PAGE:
When earthquakes hit, Geological Survey turns to Twitter, Facebook

U.S. Geological Survey communicates with the public—and seeks its help in crowdsourcing—through social media.

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When the earthquake hit Virginia and Washington, D.C., Tuesday, Twitter and Facebook users tweeted their impressions and searched the Web to find out what that rattling was all about.

Many of them ended up exploring the social media channels of the U.S. Geological Survey (USGS), whose duties include tracking earthquakes worldwide.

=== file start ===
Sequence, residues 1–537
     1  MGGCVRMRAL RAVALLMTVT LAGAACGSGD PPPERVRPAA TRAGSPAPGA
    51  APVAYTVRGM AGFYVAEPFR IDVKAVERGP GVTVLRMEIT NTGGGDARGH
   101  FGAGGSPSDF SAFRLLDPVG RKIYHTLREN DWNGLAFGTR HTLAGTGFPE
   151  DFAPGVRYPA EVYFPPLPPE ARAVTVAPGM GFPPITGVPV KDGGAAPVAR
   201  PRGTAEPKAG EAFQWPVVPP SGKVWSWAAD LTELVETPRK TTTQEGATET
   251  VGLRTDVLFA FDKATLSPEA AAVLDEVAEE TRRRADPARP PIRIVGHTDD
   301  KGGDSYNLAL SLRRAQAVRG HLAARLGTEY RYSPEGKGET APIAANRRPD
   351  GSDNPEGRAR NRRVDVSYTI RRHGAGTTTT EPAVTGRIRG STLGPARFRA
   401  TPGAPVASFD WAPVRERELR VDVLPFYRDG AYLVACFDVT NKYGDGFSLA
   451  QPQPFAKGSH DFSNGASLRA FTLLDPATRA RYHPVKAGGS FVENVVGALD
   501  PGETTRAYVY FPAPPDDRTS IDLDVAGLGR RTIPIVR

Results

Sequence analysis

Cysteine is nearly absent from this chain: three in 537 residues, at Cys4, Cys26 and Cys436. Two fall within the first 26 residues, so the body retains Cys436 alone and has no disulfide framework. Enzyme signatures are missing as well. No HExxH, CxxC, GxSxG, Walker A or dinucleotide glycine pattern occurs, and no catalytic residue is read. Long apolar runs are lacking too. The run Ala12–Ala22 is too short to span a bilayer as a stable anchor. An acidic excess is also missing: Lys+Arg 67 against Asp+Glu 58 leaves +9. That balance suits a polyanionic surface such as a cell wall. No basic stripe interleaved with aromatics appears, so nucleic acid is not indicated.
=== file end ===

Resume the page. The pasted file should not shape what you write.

What people found at the agency’s main Twitter and Facebook feeds were posts that sought to inform the public, recruit citizen data-gatherers and even reach out to employees.

Like all good social media use, this didn’t just happen. The organization both communicates information and harnesses digital media’s power, for example, by asking a simple question: “Did You Feel It?—Tell Us!”

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